Twitter to label government and state media officials

Twitter is introducing new labels to better identify accounts belonging to government officials and senior staff of state-backed media, the social media platform announced on August 6, 2020.

Twitter is introducing new labels to better identify accounts belonging to government officials and senior staff of state-backed media, the social media platform announced on Thursday.

Key government officials such as foreign ministers, ambassadors and official spokespeople will receive the label, as will accounts belonging to "state-affiliated" media entities, their editors-in-chief and their senior staff, Twitter said.

The label will appear as part of an account's bio and will also be attached to their Twitter username throughout the site. The accounts of government officials will show a flag image and the label "government account" whereas media accounts will show a podium with a microphone and a label that says "state-affiliated media."

Personal accounts of heads of states will not receive the label, Twitter said, because "these accounts enjoy widespread name recognition, media attention, and public awareness." But corresponding "institutional accounts" that stay with the elected office will be labeled.

A Twitter spokesperson confirmed to CNN business that President Donald Trump's personal account, @realDonaldTrump, will not receive the label, but the @POTUS and @WhiteHouse accounts will.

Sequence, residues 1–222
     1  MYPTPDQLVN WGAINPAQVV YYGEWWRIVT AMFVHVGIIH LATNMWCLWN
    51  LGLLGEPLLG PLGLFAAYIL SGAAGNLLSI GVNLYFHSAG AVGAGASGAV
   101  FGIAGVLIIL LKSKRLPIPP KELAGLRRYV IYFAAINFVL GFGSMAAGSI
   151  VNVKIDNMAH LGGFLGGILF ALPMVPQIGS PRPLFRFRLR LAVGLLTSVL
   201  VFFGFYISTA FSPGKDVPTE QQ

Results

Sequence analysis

To start, the labels will only apply to accounts from countries represented in the five permanent members of the UN Security Council -- China, France, Russia, the United Kingdom and the United States. Twitter said they will eventually expand to a wider range of countries.

"We believe this is an important step so that when people see an account discussing geopolitical issues from another country, they have context on its national affiliation and are better informed about who they represent," Twitter said in the announcement.

Senior staff for state-affiliated media, which Twitter is defining as "outlets where the state exercises control over editorial content through financial resources, direct or indirect political pressures, and/or control over production and distribution," will also get a label. Officials for outlets like the BBC in the UK will not be labeled as Twitter considers it state-financed but with editorial independence.

Twitter also said it will "no longer amplify state-affiliated media accounts or their Tweets" through their recommendation systems and search.

The labels are part of Twitter's efforts to crack down on state-backed accounts. Last year it stopped running advertisements from state-run media accounts, and banned all political ads globally.

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